By Ilaina Jonas
NEW YORK (Reuters) - The company that controls the Empire State Building has begun asking investors to vote on a plan to fold the iconic building into a new real estate investment trust (REIT) that will eventually be publicly traded, according to regulatory documents filed Tuesday.
Malkin Holdings LLC is asking investors in one of the world's most recognizable buildings to vote on the plan to make the building the centerpiece of more than 18 properties in Empire State Realty Trust Inc, according to a filing with the U.S. Securities and Exchange Commission.
The more than 2,800 investors have until March 25 to vote. Although investors in two other properties will also cast votes, the viability of the proposed REIT depends upon the inclusion of the Empire State Building.
If the Empire State Building investors approve the proposal, the new company will move ahead with its plan to become a publicly traded company, launching an initial public offering (IPO) of shares.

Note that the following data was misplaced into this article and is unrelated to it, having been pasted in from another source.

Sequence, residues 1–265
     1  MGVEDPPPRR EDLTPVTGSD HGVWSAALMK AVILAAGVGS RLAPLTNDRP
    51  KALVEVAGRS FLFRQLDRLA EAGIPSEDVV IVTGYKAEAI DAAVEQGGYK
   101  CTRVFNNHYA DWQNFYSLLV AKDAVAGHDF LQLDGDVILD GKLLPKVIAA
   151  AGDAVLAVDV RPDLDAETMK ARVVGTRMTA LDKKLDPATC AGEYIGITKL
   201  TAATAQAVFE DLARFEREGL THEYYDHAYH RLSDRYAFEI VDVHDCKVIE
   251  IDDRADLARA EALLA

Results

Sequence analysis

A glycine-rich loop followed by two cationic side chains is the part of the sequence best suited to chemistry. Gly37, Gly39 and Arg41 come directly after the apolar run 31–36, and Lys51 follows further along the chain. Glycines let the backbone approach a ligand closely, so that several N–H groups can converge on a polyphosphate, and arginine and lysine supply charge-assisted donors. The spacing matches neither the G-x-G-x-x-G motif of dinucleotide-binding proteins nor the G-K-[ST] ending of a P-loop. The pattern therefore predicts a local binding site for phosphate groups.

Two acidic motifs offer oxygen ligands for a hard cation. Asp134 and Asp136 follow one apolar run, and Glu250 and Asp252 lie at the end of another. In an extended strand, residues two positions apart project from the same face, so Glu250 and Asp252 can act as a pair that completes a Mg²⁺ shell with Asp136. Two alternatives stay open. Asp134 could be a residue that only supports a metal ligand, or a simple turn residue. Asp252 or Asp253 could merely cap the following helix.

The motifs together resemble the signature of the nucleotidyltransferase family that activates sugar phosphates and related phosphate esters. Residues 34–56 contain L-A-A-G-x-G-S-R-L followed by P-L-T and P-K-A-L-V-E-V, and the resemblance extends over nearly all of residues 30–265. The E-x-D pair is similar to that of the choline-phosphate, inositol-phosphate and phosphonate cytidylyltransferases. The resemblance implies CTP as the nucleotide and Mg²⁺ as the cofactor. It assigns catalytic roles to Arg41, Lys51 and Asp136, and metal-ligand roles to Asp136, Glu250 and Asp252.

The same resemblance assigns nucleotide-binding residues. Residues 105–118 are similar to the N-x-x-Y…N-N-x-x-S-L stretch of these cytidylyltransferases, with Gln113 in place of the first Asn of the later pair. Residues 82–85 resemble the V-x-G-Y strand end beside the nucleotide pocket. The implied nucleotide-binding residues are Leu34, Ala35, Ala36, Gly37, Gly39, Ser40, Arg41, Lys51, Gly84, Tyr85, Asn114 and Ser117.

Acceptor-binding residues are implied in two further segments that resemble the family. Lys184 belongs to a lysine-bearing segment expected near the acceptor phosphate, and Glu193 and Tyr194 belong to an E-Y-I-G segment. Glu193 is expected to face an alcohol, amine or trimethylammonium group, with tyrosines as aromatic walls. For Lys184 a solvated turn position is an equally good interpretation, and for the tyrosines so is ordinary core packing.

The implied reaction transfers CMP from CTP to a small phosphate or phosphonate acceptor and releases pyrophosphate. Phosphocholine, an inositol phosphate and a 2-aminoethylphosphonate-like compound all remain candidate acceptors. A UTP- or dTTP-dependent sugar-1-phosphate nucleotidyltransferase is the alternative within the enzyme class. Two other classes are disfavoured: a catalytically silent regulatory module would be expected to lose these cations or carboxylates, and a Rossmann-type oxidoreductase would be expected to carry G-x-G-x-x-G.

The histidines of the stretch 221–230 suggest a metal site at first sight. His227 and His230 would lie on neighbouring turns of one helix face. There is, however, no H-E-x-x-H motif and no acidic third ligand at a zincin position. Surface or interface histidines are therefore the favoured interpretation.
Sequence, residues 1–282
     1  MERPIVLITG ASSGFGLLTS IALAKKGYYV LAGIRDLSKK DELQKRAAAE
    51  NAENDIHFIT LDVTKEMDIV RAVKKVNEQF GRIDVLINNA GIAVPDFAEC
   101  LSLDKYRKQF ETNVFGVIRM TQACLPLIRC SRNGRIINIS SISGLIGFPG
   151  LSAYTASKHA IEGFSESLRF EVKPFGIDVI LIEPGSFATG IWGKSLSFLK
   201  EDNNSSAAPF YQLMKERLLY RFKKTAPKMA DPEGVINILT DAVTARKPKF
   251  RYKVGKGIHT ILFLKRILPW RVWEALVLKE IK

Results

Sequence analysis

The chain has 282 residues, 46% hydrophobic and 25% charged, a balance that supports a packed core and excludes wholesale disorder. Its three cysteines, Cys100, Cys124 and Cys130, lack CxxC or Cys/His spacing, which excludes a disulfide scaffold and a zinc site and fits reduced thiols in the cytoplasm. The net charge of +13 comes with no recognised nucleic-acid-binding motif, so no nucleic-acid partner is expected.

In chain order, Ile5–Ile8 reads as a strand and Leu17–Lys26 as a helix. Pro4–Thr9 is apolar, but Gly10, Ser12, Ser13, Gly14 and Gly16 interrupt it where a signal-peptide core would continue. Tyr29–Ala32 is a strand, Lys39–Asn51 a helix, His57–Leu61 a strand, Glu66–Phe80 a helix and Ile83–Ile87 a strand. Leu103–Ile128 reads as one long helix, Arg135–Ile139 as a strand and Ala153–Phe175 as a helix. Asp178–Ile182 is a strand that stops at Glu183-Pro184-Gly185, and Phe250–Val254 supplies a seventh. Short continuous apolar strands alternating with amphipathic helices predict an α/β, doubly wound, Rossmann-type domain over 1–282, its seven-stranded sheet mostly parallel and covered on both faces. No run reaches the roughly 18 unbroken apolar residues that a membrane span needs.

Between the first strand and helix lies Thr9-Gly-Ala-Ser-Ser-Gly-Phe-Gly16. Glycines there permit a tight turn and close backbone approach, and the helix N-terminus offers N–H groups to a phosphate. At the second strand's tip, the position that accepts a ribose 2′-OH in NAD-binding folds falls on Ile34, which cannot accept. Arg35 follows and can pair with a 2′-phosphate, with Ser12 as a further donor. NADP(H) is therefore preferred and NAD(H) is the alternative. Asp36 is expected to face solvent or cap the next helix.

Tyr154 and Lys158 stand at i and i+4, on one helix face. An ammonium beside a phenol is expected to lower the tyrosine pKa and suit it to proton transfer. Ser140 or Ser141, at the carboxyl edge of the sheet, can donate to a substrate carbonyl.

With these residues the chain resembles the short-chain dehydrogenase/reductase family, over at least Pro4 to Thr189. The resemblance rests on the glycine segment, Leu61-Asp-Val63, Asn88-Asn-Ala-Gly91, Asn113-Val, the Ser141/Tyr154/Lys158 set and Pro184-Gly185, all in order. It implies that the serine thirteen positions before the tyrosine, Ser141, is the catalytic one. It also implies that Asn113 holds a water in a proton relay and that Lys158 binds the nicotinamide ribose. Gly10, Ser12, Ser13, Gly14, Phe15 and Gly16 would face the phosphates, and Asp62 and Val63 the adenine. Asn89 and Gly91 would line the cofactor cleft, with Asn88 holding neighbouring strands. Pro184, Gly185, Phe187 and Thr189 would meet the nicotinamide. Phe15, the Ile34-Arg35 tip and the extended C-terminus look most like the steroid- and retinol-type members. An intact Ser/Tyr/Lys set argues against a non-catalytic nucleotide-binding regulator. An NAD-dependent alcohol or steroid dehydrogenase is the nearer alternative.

The REIT proposal has divided the Empire State investors. Some believe Malkin is getting too much from the split of the ownership at their expense, while others support the plan as a way to cash out of a long-term investment they inherited from parents and grandparents.
The 2,824 investors hold 3,300 units that originally were sold for $10,000 in 1961 in Empire State Building Associates, the company that owns the building. The investors were divided into three groups holding 1,100 units per group. The REIT plan requires the approval of holders of at least 80 percent of the units in each of the three groups.
The initial $10,000 investment is estimated to be worth about $323,803 or $358,670 depending upon how the initial investor opted to structure the investment more than 50 years ago, according to the filing. However, that could be different than ultimate value to be determined by the stock market if the IPO proceeds.
As of September 30, 2012, the Empire State Building's office space was 67.4 percent leased, with tenants including Coty Inc. Its retail space was 85.9 percent leased.
(Reporting by Ilaina Jonas; editing by Matthew Lewis)